Now that we have thought about how we would like to lay out our data and have begun thinking about what types we might associate with the various bits of data, we need to turn our attention to creating a database with our server. The way in which this is done varies from server to server, with varying degrees of complexity. We will cover the process here for MySQL, but we will also show a number of examples for creating them for other servers in Appendix B, "Database Function Equivalents."
Talking to the Database Server
To make the database server do something, you need to connect to it and establish a communications session. Connections can come from any number of places, including specialized client programs that ship with individual server software, web server software (including PHP), other language clients (such as programs written in Microsoft Visual BASIC), or monitoring and administration tools for your server (see Figure 9-6).
Figure 9-6. Programs connecting to a database management system (DBMS).
We will spend most of this and the next chapter working with the simple client programs that come with the database servers. After that, we will look at how we can make these connections and execute code from within PHP scripts.
Connecting and Authenticating
To create a database in MySQL, you must connect to the running server process (which may or may not be running on the same computer as yours) and log in as a user to whom the DBMS has given permission to create databases. This is often done as the user root, but in an established system with more complete permissions set up, this might be somebody else. You can do this from the command line by running the following command (under both Windows Command Prompts and Unix-like shell prompts), provided you are in the mysql/bin directory or the command mysql is in your system PATH:
mysql -user=username -p
where username is either root or the user with permissions to create databases and the -p flag tells MySQL to be sure to ask for the user's password before attempting a login. For users who are not comfortable with cmd.exe under Windows, you can also click on "Run" from the Start menu and type in the full path of the mysql.exe program:
c:\mysql\bin\mysql.exe --user=root -p
Another program called winmysqladmin.exe, which we do not cover in this book, is a fine program for interacting with MySQL. The program prompts you for the password associated with the given username (you should have set it up so that a password is required for any account) and continues the login.
Creating the Database
Creating a new database is as simple as executing the SQL query
CREATE DATABASE DatabaseName;
where DatabaseName is the name of the database you would like to create. We use a more advanced version of this command:
CREATE DATABASE DatabaseName DEFAULT CHARACTER SET charset DEFAULT COLLATE collation;
This version of the query allows us to specify both a character set and a collation (sorting order for the strings) that is used by default for tables created in that particular database. To see a list of character sets and collations available in your MySQL system, you can enter the following commands from the MySQL client:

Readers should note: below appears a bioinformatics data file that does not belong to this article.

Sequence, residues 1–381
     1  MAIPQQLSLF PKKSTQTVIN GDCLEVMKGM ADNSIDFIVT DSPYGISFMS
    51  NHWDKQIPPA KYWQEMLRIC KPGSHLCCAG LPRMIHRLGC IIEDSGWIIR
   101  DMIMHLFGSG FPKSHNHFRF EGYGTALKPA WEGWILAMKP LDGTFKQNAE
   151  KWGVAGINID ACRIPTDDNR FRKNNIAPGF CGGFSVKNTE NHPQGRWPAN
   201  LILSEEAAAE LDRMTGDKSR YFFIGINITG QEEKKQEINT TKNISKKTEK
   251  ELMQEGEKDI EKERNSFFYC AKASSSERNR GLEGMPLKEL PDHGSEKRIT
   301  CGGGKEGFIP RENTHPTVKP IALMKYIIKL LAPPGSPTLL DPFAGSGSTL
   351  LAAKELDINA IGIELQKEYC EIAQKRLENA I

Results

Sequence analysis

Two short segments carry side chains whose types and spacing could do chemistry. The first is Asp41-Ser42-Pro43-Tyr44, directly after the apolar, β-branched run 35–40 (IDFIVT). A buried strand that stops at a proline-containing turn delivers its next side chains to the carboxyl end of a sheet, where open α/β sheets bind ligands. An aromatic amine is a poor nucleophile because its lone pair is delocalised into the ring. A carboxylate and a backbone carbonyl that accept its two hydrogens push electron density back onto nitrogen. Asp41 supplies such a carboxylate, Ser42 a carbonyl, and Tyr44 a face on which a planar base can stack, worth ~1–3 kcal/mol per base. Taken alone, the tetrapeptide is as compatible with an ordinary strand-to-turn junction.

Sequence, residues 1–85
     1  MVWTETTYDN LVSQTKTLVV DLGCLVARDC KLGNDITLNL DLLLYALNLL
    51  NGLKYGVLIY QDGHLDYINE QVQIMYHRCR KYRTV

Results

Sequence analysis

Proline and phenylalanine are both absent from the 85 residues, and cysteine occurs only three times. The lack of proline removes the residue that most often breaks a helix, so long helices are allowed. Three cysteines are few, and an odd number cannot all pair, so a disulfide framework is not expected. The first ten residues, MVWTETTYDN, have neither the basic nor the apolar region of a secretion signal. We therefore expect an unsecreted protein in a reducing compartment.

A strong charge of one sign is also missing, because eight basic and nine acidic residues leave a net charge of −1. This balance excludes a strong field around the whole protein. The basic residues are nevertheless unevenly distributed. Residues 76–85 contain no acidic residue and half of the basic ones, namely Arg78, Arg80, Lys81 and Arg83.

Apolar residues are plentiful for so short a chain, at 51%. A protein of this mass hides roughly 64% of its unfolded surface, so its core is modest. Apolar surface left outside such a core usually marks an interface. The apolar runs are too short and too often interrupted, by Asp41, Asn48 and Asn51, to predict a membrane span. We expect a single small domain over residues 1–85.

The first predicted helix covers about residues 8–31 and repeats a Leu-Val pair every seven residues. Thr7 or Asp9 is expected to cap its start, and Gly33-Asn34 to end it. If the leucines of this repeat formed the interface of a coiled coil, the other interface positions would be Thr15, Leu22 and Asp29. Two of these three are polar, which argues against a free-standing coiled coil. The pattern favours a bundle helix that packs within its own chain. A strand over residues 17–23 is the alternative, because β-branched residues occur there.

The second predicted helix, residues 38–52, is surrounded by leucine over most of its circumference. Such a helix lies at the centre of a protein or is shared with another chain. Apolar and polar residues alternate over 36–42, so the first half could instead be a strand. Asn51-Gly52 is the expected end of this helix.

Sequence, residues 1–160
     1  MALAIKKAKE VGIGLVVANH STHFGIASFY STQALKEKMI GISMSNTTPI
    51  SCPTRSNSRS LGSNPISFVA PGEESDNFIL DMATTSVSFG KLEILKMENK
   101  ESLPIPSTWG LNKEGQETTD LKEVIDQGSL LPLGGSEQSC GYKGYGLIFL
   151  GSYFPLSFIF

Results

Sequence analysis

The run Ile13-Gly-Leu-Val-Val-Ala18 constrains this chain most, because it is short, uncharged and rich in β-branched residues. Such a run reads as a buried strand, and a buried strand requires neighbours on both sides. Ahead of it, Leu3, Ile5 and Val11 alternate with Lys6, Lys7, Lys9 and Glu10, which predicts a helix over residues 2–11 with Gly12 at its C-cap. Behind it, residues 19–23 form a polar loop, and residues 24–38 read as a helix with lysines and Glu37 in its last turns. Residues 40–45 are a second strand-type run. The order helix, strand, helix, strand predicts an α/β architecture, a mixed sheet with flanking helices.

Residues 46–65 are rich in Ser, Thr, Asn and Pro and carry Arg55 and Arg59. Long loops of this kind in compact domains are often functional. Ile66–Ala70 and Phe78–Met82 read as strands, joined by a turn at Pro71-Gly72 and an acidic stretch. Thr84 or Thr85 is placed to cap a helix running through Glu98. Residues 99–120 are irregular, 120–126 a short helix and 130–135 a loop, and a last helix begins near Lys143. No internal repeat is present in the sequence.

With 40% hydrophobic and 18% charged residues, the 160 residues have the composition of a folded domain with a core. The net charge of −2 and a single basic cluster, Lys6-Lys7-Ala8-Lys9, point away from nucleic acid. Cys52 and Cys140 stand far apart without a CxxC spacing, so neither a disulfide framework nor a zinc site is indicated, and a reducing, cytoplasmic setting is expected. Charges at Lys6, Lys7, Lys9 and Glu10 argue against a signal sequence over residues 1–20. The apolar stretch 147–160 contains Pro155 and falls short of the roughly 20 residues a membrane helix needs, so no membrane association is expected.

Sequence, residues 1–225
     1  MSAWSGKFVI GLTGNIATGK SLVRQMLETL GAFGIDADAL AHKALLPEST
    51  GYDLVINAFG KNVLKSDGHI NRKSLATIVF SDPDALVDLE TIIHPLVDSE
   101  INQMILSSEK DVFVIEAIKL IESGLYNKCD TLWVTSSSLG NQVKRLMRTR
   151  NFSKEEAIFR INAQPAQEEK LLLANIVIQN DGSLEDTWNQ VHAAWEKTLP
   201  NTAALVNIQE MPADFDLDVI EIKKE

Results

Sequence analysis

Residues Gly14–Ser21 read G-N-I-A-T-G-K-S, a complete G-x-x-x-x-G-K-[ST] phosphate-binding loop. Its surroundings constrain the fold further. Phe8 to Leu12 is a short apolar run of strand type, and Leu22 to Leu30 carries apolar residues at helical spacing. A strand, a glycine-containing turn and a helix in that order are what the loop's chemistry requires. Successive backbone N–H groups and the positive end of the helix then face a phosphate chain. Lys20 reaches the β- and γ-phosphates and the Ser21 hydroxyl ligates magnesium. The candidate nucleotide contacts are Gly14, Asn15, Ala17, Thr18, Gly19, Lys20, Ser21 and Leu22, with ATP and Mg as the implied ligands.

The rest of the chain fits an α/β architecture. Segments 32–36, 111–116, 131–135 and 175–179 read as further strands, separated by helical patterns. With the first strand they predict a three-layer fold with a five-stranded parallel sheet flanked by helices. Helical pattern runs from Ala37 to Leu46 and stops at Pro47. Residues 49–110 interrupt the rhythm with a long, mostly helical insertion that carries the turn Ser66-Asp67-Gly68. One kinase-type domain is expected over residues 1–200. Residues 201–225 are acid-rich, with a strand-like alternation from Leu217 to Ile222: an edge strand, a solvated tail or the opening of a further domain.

mysql> SHOW CHARACTER SET; mysql> SHOW COLLATION;
The output for the first contains a number of lines like the following:
mysql> SHOW CHARACTER SET; +----------+-----------------------------+---------------------+ | Charset | Description | Default collation | +----------+-----------------------------+---------------------+ | big5 | Big5 Traditional Chinese | big5_chinese_ci | | dec8 | DEC West European | dec8_swedish_ci | | cp850 | DOS West European | cp850_general_ci | | hp8 | HP West European | hp8_english_ci | | koi8r | KOI8-R Relcom Russian | koi8r_general_ci | | latin1 | ISO 8859-1 West European | latin1_swedish_ci | | latin2 | ISO 8859-2 Central European | latin2_general_ci | etc...
The second command lists collations available on the system along with other details about them. For both, you can use the SQL keyword LIKE and the SQL wildcard character '%' to refine the queries:
mysql> SHOW CHARACTER SET LIKE %latin%'; mysql> SHOW COLLATION LIKE '%utf8%';
The second command produces output similar to this. (We have trimmed it for space.)
mysql> SHOW COLLATION LIKE '%utf8%'; +--------------------+---------+-----+---------+----------+ | Collation | Charset | Id | Default | Compiled | +--------------------+---------+-----+---------+----------+ | utf8_general_ci | utf8 | 33 | Yes | Yes | | utf8_bin | utf8 | 83 | | Yes | | utf8_unicode_ci | utf8 | 192 | | Yes | ... | utf8_estonian_ci | utf8 | 198 | | Yes | | utf8_spanish_ci | utf8 | 199 | | Yes | | utf8_swedish_ci | utf8 | 200 | | Yes | | utf8_turkish_ci | utf8 | 201 | | Yes | ... | utf8_roman_ci | utf8 | 207 | | Yes | | utf8_persian_ci | utf8 | 208 | | Yes | +--------------------+---------+-----+---------+----------+
Since most of our web applications default to English and our character set is Unicode, we typically use utf8 as the character set and utf8_general_ci as the collation for our databases. For the rest of this chapter (and in the next few chapters), we create a message board system. We first create the database for it, as follows:
CREATE DATABASE MessageBoard DEFAULT CHARACTER SET utf8 DEFAULT COLLATE utf8_general_ci;
Please note that support for these character sets and collation features is new to MySQL version 4.1, so releases prior to this do not support all of the commands.
To see a list of all databases available to the currently connected database user in MySQL, execute the following query:
mysql> SHOW DATABASES; +--------------+ | Database | +--------------+ | messageboard | +--------------+ 1 row in set (0.02 sec)
Other databases to which the currently connected database user does not have permission to access are not listed.